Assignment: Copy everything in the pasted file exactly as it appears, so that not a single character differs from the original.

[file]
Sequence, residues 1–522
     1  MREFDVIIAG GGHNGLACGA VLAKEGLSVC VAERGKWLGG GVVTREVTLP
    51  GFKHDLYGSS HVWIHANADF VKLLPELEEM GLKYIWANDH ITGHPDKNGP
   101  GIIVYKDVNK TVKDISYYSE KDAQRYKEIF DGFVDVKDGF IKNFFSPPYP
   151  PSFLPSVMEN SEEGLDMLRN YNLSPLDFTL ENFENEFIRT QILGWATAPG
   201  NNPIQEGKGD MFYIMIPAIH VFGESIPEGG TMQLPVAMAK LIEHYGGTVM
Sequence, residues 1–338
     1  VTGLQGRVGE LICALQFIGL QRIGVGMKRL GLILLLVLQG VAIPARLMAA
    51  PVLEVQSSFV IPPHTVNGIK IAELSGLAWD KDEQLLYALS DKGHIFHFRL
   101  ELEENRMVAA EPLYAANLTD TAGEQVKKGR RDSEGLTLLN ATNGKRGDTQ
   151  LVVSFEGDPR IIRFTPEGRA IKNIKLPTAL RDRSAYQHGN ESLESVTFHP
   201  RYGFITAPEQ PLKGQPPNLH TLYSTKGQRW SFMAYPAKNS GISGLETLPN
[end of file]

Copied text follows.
Sequence, residues 1–522
     1  MREFDVIIAG GGHNGLACGA VLAKEGLSVC VAERGKWLGG GVVTREVTLP
    51  GFKHDLYGSS HVWIHANADF VKLLPELEEM GLKYIWANDH ITGHPDKNGP
   101  GIIVYKDVNK TVKDISYYSE KDAQRYKEIF DGFVDVKDGF IKNFFSPPYP
   151  PSFLPSVMEN SEEGLDMLRN YNLSPLDFTL ENFENEFIRT QILGWATAPG
   201  NNPIQEGKGD MFYIMIPAIH VFGESIPEGG TMQLPVAMAK LIEHYGGTVM
Sequence, residues 1–338
     1  VTGLQGRVGE LICALQFIGL QRIGVGMKRL GLILLLVLQG VAIPARLMAA
    51  PVLEVQSSFV IPPHTVNGIK IAELSGLAWD KDEQLLYALS DKGHIFHFRL
   101  ELEENRMVAA EPLYAANLTD TAGEQVKKGR RDSEGLTLLN ATNGKRGDTQ
   151  LVVSFEGDPR IIRFTPEGRA IKNIKLPTAL RDRSAYQHGN ESLESVTFHP
   201  RYGFITAPEQ PLKGQPPNLH TLYSTKGQRW SFMAYPAKNS GISGLETLPN